I’m fortunate to belong to two groups of CEOs that are wonderful sources of objective input and advice, as well as encouragement and friendship.   One is CEO Trust, with chapters in New York and Connecticut (so far) that have members in many industries.  The other is PR Boutiques International, a network of independent PR firms that I co-founded four years ago.  There are about 30 small PR companies in the PRBI network (so far).  Both of these growing organizations are special and valuable to me for different reasons.

Those of you who work in larger companies can go to colleagues or bosses for input and support when you want to talk out an important decision or need information about how other companies handle a particular issue.  CEOs, whether they head large or small companies, sometimes just can’t do that.

CEO Trust is a group of CEOs who have joined together to provide friendship and advice to each other.  Because membership is only granted if the executive shares important business values with the group, the members have a lot in common even though they come from different industries and professional backgrounds. This creates a warm, supportive environment.

PR Boutiques International member firms are also vetted very carefully for important business values as well as a high level of professional service.  All provide expert, experienced client service.  We support each other in a myriad of ways: I can tap the resources of an overseas firm on behalf of a client, or bring in a member firm for extra arms and legs on a big project, for local help with an event or with media  relations. We also have a firm owner Google Group where we share ideas, pick each others’ brains and ask for input on issues and challenges we face.

I just returned from a weekend with PRBI firm owners from around the country and the world at the group’s annual meeting in Washington. We talked for two days straight about marketing, selling, client service, better ways to run our agencies, and ways we can work together so that two plus two will equal more than four. We brought in two industry consultants, George Rosenberg and Ken Jacobs, both industry “sages,” to stimulate our thinking, give us new ways to look at our jobs and remind us of easy-to-avoid but crucial agency owner responsibilities.  Here are a few of the words of wisdom they left with us:

  • Satisfying our clients is not sufficient; only superior client service is good enough. An industry survey showed that 75-78 percent of clients who changed agencies last year said they were satisfied. To be consistently successful, we must surpass expectations, deliver the unexpected and take the extra, extra step to wow our clients.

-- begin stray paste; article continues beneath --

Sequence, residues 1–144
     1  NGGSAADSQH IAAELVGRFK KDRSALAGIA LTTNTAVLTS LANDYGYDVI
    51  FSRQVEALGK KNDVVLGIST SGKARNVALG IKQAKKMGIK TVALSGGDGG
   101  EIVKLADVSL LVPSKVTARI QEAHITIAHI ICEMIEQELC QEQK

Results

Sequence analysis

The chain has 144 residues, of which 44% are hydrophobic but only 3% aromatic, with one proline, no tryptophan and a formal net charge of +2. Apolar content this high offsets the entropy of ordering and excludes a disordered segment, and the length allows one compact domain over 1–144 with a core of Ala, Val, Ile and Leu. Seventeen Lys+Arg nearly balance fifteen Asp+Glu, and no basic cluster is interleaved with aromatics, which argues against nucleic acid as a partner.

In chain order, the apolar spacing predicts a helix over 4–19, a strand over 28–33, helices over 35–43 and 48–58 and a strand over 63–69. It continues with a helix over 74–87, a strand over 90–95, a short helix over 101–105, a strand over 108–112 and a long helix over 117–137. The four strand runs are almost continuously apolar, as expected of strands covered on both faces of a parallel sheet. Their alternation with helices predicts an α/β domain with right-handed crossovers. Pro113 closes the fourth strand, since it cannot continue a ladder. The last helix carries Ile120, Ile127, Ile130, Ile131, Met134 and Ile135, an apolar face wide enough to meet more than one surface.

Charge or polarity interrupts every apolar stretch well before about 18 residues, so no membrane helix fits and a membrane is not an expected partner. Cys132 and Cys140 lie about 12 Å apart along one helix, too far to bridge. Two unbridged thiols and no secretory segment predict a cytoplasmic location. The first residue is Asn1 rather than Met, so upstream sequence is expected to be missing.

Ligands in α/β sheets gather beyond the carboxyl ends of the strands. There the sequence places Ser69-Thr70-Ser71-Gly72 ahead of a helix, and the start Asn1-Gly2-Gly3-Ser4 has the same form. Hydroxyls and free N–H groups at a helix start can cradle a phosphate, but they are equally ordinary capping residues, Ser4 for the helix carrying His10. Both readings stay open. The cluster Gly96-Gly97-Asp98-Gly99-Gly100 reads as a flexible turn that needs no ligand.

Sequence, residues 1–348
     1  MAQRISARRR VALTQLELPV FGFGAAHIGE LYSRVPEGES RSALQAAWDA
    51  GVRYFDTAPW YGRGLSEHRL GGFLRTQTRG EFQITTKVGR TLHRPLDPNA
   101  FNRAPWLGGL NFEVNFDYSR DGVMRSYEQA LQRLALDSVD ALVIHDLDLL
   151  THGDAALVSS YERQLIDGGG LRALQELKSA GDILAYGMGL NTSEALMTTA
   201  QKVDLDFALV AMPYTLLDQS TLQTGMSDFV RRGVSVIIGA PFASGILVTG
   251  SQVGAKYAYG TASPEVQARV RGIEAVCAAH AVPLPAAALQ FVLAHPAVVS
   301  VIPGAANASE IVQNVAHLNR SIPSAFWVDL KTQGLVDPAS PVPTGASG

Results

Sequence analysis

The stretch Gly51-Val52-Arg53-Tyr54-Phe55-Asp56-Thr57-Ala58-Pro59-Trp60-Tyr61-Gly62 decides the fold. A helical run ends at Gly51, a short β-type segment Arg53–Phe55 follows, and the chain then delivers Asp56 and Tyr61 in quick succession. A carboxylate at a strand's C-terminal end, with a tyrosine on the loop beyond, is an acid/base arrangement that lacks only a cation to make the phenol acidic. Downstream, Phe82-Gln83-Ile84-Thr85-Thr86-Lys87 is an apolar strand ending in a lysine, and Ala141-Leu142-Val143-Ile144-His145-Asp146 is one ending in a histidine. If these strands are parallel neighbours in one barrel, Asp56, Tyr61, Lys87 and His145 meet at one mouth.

• “People [you work with] may not remember what you said, but they will always remember how you made them feel.”
  • When it comes to our services, budget is always a difficult hurdle; a better way to discuss costs is to view them as investment.
  • What clients want to spend is not as relevant as the amount we know it will take to do a good job for them.
  • The definition of a good client: one that respects us, values our work, knows their goals, gives us direct access to the top decision-makers in their organization and can afford to pay us appropriately.

Lucy Siegel

Does Size Matter in the PR Industry? You Bet!

March 4, 2011

I heard it again today on the radio: small businesses have been hurt most by the Great Recession in the United States. It makes sense.  I also read a statistic about the cost per employee for meeting all the governmental bureaucratic paperwork requirements: it’s twice as high for small businesses as for large ones. Rent per square foot is more expensive for smaller spaces than for larger ones. Employer health care costs are much higher for small companies than for large ones.  Add to these higher small business costs an attitude by some (misguided) people that “you never get fired for hiring IBM” – an unwillingness to stick their necks out to select a smaller service company that isn’t well-known to top management.

Why is it, then, that despite all of these disadvantages, boutique PR companies have survived, and in some cases thrived, throughout this recession? The answer is that the clients who hire boutiques know they will receive personal, hands-on service from senior professionals. As a rule of thumb, the smaller the firm, the more experience the staff will have.

During the past few years, big communications companies have had to do whatever they could to make quarterly earnings projections.  The large multinational PR firms owned by ad agencies have been particularly under pressure due to declining ad revenues.  The PR companies in these big conglomerates have had to pull in their belts and lay off large numbers of staff to bring down overall company costs.  (I don’t think most of them will admit this – the PR subsidiaries of these conglomerates won’t separate out their annual revenues.)  To meet their earnings goals, they’ve taken on very small clients – much, much smaller PR accounts than they would ordinarily agree to handle. I’ve heard about numerous instances over the last couple of years when the mega communications companies took on $5,000 per month clients. This is lower than the level that my boutique firm will usually consider; it is unprofitable for us.  With the much higher overhead of bigger firms, their minimums are usually more like $20,000 per month. There’s no way they can make a profit on $5,000 per month business.  Very young 20-somethings are given the responsibility for this kind of work with little or no oversight, and after six months or so the clients wise up and leave. But in the meantime, the big agency has collected some fees.